Title: Effect of Magnesia on Stabilization of Contaminated Clay Soil
Author(s): A. R. Estabragh, F. Jandari, A. A. Javadi, and M. Amini
Publication: Materials Journal
Appears on pages(s): 103-113
Keywords: carbonation; curing time; magnesia; soil stabilization; strength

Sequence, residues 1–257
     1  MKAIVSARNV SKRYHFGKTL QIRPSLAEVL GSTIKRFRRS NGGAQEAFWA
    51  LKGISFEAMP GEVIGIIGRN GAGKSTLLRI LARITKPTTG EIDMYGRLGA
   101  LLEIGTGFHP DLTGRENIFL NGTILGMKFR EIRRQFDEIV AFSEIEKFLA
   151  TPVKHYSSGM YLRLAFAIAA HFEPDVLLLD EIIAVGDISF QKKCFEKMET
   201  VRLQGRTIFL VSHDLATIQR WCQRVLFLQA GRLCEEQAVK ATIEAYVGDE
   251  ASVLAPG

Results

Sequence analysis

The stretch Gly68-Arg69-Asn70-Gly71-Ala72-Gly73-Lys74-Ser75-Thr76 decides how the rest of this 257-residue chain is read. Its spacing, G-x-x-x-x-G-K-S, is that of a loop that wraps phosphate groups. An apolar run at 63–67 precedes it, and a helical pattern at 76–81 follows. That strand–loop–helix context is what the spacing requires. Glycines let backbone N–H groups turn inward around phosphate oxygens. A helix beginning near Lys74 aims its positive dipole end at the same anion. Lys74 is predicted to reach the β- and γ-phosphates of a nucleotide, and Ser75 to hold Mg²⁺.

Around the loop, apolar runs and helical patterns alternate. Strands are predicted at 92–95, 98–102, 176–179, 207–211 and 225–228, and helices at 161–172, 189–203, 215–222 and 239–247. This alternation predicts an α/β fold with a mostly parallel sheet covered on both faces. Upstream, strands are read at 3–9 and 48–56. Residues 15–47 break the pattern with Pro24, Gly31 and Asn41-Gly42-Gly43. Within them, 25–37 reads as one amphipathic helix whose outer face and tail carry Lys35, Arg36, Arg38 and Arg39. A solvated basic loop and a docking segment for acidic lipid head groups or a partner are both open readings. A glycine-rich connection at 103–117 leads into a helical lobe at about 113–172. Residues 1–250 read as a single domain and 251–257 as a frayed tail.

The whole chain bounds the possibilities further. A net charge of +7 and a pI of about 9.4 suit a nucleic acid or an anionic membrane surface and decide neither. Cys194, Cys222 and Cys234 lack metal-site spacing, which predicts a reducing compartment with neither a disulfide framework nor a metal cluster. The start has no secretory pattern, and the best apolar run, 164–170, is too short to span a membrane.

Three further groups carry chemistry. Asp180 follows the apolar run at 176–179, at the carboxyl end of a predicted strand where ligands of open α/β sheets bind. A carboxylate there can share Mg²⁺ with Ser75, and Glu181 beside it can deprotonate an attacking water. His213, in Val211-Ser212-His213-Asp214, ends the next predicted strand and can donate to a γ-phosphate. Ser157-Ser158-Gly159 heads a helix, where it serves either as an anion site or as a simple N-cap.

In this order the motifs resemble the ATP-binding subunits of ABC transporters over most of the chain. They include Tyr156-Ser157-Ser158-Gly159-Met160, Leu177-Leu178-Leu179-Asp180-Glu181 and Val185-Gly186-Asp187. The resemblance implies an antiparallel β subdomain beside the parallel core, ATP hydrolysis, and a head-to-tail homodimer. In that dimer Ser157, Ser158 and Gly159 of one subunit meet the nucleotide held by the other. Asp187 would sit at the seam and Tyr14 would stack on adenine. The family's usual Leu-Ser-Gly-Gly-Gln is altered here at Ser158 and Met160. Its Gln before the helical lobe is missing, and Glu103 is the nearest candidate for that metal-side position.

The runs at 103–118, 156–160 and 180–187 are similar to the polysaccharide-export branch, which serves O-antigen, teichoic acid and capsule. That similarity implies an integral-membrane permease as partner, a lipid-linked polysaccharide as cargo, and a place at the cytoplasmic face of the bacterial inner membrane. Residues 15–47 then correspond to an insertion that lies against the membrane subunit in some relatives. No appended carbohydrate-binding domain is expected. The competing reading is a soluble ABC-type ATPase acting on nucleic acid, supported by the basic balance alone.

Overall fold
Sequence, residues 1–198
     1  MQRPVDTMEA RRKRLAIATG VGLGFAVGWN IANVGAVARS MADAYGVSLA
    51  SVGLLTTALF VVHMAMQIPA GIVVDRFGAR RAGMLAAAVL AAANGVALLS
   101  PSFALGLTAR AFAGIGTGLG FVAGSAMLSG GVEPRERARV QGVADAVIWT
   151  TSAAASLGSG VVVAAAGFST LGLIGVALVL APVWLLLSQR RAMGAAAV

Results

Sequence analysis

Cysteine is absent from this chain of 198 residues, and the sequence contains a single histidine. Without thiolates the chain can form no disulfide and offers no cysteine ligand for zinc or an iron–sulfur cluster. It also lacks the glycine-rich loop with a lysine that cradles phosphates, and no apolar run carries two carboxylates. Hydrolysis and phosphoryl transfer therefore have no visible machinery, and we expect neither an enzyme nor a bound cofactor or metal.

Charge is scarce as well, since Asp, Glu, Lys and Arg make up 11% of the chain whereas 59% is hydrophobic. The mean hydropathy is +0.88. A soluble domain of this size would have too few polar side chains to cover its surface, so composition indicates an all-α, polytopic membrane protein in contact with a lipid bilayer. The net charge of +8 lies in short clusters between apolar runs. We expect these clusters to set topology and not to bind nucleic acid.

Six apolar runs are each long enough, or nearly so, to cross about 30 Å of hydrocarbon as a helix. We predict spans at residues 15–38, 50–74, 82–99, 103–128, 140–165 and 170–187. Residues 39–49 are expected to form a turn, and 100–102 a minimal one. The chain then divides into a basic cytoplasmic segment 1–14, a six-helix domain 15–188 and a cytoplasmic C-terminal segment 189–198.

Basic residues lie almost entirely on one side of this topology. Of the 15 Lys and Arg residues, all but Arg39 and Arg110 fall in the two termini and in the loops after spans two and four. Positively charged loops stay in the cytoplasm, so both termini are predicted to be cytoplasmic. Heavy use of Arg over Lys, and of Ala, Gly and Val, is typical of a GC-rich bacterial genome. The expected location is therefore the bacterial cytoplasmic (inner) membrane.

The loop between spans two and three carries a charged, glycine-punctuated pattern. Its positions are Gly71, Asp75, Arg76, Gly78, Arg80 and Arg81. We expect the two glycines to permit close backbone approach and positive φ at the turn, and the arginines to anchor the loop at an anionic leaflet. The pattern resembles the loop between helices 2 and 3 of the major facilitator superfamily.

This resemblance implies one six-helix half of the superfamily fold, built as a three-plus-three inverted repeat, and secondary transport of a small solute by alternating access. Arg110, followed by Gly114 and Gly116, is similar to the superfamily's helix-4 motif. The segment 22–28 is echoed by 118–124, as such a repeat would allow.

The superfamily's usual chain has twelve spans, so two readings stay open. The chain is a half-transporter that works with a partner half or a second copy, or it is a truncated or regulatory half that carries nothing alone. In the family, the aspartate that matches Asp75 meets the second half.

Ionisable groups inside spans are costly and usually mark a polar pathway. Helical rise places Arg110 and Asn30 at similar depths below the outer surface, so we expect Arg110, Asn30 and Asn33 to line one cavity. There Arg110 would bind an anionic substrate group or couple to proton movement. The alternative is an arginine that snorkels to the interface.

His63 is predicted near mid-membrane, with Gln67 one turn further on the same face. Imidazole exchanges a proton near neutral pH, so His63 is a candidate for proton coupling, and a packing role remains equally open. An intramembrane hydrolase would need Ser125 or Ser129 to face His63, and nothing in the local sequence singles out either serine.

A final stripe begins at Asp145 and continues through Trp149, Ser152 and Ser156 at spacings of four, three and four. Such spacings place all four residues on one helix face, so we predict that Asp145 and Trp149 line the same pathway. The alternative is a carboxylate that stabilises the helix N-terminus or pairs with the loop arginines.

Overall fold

In this study, the effect of magnesia (MgO) on the stabilization of a clay soil contaminated with glycerol was investigated through a series of experiments. The tests were performed in two groups. In the first group, the natural soil was mixed with 5, 8, and 12% MgO. A set of tests, including unconfined compressive strength (UCS) tests, were conducted on samples prepared at curing times of 7, 14, and 28 days. In addition, a number of samples prepared with different percentages of MgO were subjected to CO2 under a pressure of 0.5 bar for periods of 4, 8, and 24 hours. In the second group, the soil was contaminated with 4, 8, and 12% glycerol and was then mixed with 5, 8, and 12% MgO. A group of tests, similar to the first group, were conducted on the contaminated samples. The results showed that adding MgO to the natural soil and the contaminated soil increases the strength of the soil, and the amount of increase in strength depends on the percentage of MgO and the curing time. During stabilization, the contaminated soil with 8 and 12% glycerol gained more strength than the natural soil. The results also indicated that forced carbonation can facilitate the stabilization of MgO-stabilized natural and contaminated soils in a few hours compared with conventional methods that take several days. Scanning electron microscopy (SEM) results showed that the gained strength for both groups resulted from the interaction between the soil and MgO.